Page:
Workers unaware of ag job benefits

OTTAWA — Agriculture has to do a better job of enticing people to work in the industry and should be recruiting people at a younger age if it wants Canadians to fill the roles, says a Conference Board of Canada economist.

But it’s more likely that temporary foreign workers and immigrants will have to take the jobs, at least in the short term.

Data presented at the AgriWorkforce Roundtable, held by the Canadian Agricultural Human Resource Council, confirmed that vacancies are high and Canadians generally don’t want to move from urban areas to fill them.

However, the conference board’s Todd Crawford said many are unaware of the benefits of working in the industry.

“It’s actually a misconception now that all the jobs in agriculture are hard work for low pay,” he said in an interview. “In fact there’s many occupations, as we’re starting to engage in 21st century farming in Canada, where you have equipment operators, you have drone operators, you have big data people that are crunching information, top rate scientists looking at best farming practices. We need to start communicating these things more frequently and to people at an earlier age in their careers so they see agriculture as a potential career path.”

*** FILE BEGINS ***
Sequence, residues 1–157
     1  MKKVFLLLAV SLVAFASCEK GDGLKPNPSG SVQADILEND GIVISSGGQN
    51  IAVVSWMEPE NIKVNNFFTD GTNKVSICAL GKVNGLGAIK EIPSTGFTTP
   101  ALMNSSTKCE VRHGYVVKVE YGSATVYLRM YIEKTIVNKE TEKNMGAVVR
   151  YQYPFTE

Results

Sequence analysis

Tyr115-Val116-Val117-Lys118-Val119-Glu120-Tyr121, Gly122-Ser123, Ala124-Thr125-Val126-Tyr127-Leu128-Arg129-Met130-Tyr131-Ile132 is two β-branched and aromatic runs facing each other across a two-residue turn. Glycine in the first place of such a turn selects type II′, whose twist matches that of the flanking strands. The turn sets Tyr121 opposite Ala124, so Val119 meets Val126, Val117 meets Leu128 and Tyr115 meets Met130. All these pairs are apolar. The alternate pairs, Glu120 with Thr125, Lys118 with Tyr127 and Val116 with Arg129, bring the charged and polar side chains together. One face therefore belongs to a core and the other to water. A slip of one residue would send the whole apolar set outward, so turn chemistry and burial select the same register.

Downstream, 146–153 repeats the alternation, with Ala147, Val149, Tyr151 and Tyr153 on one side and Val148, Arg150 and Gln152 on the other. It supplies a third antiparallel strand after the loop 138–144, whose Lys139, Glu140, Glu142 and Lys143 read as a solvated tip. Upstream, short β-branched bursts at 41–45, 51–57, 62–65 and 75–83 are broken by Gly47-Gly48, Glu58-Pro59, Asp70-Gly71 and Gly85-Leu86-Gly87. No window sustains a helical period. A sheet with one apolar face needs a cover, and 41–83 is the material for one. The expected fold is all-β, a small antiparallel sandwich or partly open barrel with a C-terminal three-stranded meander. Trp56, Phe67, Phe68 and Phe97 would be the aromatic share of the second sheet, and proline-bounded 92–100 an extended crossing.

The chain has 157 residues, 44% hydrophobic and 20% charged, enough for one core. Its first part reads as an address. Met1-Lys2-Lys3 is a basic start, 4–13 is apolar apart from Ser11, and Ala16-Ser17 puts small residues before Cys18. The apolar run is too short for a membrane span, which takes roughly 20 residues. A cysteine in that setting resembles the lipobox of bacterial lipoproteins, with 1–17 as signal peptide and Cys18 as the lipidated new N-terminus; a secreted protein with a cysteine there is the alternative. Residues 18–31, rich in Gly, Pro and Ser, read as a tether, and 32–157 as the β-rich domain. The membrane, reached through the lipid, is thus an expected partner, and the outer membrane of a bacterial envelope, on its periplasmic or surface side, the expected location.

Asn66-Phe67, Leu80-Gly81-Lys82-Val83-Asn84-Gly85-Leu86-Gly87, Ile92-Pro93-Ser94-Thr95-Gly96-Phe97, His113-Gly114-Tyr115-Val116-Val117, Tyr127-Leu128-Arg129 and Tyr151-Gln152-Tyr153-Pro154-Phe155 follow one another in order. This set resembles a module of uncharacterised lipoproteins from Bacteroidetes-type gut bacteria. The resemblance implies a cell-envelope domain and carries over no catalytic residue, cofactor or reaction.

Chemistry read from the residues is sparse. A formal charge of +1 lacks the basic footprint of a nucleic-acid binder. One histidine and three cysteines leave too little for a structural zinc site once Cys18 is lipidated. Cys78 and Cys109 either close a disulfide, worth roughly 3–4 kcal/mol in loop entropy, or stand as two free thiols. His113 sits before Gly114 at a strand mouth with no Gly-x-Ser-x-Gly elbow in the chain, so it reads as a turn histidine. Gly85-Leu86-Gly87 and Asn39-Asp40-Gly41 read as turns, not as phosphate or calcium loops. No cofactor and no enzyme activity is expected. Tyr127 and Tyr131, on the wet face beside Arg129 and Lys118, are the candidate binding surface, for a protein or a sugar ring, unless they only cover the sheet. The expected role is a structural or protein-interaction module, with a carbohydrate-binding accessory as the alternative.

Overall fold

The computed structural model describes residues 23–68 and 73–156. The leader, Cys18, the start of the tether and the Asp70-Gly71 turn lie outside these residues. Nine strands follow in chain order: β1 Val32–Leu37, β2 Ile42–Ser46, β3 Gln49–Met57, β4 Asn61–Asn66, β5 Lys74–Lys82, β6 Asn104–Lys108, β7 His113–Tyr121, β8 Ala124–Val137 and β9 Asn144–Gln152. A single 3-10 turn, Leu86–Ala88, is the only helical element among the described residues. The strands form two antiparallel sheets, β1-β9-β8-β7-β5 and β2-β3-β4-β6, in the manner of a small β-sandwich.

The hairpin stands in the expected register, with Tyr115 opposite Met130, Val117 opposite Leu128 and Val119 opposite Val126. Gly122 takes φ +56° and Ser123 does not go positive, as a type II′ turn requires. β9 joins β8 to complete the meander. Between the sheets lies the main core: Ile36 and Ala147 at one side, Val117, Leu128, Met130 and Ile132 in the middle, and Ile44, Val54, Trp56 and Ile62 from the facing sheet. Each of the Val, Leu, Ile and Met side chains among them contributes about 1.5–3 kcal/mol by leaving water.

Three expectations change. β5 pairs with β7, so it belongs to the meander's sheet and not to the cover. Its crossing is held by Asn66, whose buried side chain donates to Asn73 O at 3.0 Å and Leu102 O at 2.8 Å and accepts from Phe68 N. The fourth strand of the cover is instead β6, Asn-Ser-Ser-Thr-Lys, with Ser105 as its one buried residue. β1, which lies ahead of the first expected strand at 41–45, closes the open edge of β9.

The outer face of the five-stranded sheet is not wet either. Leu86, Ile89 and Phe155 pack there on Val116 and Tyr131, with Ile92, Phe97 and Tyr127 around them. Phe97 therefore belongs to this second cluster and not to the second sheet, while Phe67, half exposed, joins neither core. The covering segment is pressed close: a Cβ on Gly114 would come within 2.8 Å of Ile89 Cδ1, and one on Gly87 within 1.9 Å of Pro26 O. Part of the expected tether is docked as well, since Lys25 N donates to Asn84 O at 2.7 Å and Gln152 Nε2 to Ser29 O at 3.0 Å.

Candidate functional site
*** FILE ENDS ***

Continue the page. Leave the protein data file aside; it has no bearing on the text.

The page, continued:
Merv Wiseman from the Newfoundland and Labrador Federation of Agriculture said this isn’t a new problem.

“I’m surprised and concerned that there’s no really coherent and discernible plan to deal with it,” he said.

Casey Vander Ploeg from the National Cattle Feeders Association said agriculture is the canary in the coalmine for the entire Canadian economy as the baby boomer generation retires.

“No government in the country …has undertaken a serious look at planning for that and how the Canadian economy is going to handle it,” he said.

Vander Ploeg said Canadians have forgotten that the country’s economic heartbeat is still in rural Canada in agriculture, oil and gas, mining, forestry and fishing.

Others pointed out that housing in rural Canada is cheaper while wages and benefits are competitive.

Stuart Cullum, president of Olds College in Olds, Alta., said that three new programs are in the works that might help attract technology-minded students. They will focus on technology integration, precision agriculture techgronomy and digital agriculture.

New agricultural workers will need soft skills of collaboration, communication and customer service, along with technological skills and basic natural sciences, he said.

About the author


Stories from our other publications